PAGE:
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BLACK HOUSE ($25) is a slow, deliberate psychological horror from Korea that turns darker and surprisingly more disturbing (not to mention gory) as it reaches its climax. The plot of BLACK HOUSE follows a relatively new insurance agent, who is assigned to examine potentially fraudulent claims. When our insurance agent is unexpectedly called to the home of an insured to discuss a policy, he is horrified to discover, a young boy hanging in his bedroom- the victim of an apparent suicide. The boy’s stepfather immediately puts in a claim on the insurance policy, which rouses the suspicion of insurance agent, but not the police, who write off the boy’s death as a suicide. When the insurance agent begins his own investigation, it turns up some shocking facts that ultimately lead to grisly deaths, mutilation and other forms mayhem.

Genius Products has made BLACK HOUSE available on DVD in an approximately 2:1 widescreen presentation that has been enhanced for playback on 16:9 displays. BLACK HOUSE doesn’t look like an American movie; it comes across as slightly softer and a little less polished- perhaps that is intentional. However, the image doesn’t seem deficient in any way. Colors have a slightly sickly cast, which help create the mood for the film. Black, whites and contrast are sufficient to the task. The film elements are clean, but there is a bit of grain. Digital compression artifacts are not a problem.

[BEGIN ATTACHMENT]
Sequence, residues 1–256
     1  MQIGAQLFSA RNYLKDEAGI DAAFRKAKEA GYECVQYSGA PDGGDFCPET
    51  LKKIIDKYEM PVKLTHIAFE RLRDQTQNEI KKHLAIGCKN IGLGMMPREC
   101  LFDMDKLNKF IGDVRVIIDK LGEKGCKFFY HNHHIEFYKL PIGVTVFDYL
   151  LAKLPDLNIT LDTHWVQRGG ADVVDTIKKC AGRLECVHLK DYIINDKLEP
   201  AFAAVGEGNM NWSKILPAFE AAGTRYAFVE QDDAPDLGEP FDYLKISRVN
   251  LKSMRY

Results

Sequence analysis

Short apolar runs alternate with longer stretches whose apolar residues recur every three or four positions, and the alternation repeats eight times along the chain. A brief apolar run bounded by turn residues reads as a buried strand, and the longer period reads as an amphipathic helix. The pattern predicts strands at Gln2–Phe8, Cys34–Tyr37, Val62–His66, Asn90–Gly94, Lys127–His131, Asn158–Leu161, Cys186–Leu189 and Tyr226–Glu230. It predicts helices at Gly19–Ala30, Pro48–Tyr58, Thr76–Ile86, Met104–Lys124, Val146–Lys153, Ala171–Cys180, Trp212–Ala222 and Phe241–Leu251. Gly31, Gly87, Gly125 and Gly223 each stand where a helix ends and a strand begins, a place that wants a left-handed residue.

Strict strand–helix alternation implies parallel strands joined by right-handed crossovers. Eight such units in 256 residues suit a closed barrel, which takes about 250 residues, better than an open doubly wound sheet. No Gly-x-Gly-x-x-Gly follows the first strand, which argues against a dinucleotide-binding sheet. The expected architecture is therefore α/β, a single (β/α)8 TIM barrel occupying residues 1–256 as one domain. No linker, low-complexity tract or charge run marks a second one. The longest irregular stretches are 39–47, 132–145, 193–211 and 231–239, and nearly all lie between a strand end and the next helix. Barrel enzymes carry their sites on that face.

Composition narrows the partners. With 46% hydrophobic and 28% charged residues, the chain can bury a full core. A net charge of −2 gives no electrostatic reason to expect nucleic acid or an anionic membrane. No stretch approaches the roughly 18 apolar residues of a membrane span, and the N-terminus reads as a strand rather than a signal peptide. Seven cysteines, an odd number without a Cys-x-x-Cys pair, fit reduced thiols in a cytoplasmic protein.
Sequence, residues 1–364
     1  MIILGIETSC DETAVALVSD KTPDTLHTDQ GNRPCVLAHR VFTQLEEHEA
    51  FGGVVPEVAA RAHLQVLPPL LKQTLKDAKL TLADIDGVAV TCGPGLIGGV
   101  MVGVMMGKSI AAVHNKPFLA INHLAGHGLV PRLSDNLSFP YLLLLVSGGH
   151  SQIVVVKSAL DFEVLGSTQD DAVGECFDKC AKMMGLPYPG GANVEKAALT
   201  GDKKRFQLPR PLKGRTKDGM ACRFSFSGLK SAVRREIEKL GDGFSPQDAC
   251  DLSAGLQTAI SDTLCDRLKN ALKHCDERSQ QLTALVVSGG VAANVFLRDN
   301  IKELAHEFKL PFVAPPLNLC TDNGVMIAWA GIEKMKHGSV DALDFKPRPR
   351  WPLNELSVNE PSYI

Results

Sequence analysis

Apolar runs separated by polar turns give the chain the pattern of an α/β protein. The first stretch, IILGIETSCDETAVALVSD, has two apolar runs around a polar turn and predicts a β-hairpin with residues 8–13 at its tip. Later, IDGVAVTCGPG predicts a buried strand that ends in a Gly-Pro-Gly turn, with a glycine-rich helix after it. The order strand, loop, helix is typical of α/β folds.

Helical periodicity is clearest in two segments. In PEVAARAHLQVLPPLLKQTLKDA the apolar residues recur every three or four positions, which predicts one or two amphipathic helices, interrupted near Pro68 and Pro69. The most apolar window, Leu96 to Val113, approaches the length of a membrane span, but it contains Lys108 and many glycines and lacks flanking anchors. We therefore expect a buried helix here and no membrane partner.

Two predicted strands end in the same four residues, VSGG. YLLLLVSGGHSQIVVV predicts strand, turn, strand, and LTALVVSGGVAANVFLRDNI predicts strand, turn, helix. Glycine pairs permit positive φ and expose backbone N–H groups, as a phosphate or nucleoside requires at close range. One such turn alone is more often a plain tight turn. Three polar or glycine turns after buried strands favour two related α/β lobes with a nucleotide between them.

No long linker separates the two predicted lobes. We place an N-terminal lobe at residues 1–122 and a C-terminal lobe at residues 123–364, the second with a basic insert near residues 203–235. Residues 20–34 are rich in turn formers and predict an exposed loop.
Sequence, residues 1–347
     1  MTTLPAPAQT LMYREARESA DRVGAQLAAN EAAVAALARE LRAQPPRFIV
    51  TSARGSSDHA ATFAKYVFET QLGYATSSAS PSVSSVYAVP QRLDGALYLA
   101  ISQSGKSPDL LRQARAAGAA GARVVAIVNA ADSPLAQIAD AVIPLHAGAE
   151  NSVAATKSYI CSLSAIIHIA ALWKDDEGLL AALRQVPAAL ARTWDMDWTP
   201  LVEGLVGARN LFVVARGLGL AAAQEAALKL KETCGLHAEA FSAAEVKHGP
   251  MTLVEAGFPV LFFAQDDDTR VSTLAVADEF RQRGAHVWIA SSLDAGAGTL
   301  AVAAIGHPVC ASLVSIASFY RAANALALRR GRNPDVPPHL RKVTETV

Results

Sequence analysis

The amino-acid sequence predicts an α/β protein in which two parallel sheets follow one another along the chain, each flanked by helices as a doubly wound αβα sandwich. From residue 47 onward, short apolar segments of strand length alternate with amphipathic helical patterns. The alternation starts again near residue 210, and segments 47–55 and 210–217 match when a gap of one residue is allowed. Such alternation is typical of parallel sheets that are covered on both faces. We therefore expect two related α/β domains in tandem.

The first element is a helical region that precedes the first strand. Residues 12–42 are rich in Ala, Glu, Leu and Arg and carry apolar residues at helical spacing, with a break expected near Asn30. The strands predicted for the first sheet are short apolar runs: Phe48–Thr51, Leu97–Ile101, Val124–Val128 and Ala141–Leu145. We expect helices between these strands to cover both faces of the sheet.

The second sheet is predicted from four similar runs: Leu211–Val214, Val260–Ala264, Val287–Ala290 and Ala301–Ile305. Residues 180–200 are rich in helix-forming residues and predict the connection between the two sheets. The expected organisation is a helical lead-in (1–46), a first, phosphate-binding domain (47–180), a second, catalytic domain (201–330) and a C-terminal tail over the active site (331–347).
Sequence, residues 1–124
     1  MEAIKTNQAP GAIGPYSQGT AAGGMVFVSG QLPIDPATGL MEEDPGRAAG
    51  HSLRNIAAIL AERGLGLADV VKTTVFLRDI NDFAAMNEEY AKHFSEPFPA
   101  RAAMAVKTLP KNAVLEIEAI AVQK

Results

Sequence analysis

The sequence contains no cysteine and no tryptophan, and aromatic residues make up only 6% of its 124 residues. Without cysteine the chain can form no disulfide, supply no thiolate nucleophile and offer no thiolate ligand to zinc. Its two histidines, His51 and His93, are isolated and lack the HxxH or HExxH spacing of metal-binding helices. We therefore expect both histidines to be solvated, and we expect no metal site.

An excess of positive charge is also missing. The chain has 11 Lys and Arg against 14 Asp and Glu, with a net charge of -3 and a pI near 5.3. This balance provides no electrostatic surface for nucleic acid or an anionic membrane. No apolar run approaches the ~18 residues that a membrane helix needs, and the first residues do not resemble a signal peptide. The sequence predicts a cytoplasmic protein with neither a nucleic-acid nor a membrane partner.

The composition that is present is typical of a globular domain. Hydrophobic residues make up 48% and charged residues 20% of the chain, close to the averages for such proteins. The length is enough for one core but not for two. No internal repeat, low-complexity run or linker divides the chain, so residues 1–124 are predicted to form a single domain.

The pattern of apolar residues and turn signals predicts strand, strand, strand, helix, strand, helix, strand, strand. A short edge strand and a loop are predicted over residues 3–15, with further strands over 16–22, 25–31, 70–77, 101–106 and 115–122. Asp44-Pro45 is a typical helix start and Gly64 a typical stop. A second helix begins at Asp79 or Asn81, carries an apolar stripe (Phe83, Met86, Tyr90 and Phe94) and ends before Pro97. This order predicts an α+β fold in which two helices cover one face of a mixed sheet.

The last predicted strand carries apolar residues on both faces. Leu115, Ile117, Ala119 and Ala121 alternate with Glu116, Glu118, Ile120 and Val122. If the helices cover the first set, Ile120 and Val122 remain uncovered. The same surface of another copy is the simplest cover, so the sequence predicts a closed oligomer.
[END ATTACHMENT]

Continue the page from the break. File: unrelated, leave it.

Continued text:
The Korean Dolby Digital 5.1 channel soundtrack gets the job done. BLACK HOUSE is rather talky, but there are some channel separations for important sound effects. There are atmospheric qualities to the soundtrack and the music creates the right tone for the onscreen action. English subtitles are present on the DVD.

Full motion video, animation and sound serve to enhance the DVD's interactive menus. Through the menus, one has access to the standard scene selection and set up features, as well as a few extras. The Truth About Psychopaths: The Making Of Black House offers a twenty-minute look behind-the-scenes. Secret Of Black House: Production Design Featurette is brief and fairly self-explanatory. A series of Deleted Scenes close out the DVD’s extras.

BLACK HOUSE won’t be to every taste, but it was interesting to see foreign conventions applied to familiar horror material. Personally, I liked the slow build to the gore.



Black House (2007)



DVD reviews are Copyright © 2008 THE CINEMA LASER and may not be copied or reprinted without the written consent of the publisher.
THE CINEMA LASER is written, edited and published by Derek M. Germano.



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